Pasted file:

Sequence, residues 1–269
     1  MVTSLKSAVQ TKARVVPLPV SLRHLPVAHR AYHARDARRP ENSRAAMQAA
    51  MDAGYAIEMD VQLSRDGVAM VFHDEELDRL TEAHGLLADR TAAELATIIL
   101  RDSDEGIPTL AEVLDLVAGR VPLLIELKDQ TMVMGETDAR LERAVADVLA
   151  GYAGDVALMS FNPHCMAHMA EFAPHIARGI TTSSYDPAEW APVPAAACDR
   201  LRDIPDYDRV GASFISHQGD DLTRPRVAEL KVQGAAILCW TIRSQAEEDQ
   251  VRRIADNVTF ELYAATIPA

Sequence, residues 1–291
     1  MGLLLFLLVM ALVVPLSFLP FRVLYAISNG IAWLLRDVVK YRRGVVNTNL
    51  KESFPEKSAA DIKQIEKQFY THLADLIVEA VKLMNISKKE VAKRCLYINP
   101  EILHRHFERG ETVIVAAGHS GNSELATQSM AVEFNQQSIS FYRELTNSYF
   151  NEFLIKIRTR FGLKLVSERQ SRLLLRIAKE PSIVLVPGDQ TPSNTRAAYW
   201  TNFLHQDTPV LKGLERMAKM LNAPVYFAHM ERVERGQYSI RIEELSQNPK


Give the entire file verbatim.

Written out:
Sequence, residues 1–269
     1  MVTSLKSAVQ TKARVVPLPV SLRHLPVAHR AYHARDARRP ENSRAAMQAA
    51  MDAGYAIEMD VQLSRDGVAM VFHDEELDRL TEAHGLLADR TAAELATIIL
   101  RDSDEGIPTL AEVLDLVAGR VPLLIELKDQ TMVMGETDAR LERAVADVLA
   151  GYAGDVALMS FNPHCMAHMA EFAPHIARGI TTSSYDPAEW APVPAAACDR
   201  LRDIPDYDRV GASFISHQGD DLTRPRVAEL KVQGAAILCW TIRSQAEEDQ
   251  VRRIADNVTF ELYAATIPA

Sequence, residues 1–291
     1  MGLLLFLLVM ALVVPLSFLP FRVLYAISNG IAWLLRDVVK YRRGVVNTNL
    51  KESFPEKSAA DIKQIEKQFY THLADLIVEA VKLMNISKKE VAKRCLYINP
   101  EILHRHFERG ETVIVAAGHS GNSELATQSM AVEFNQQSIS FYRELTNSYF
   151  NEFLIKIRTR FGLKLVSERQ SRLLLRIAKE PSIVLVPGDQ TPSNTRAAYW
   201  TNFLHQDTPV LKGLERMAKM LNAPVYFAHM ERVERGQYSI RIEELSQNPK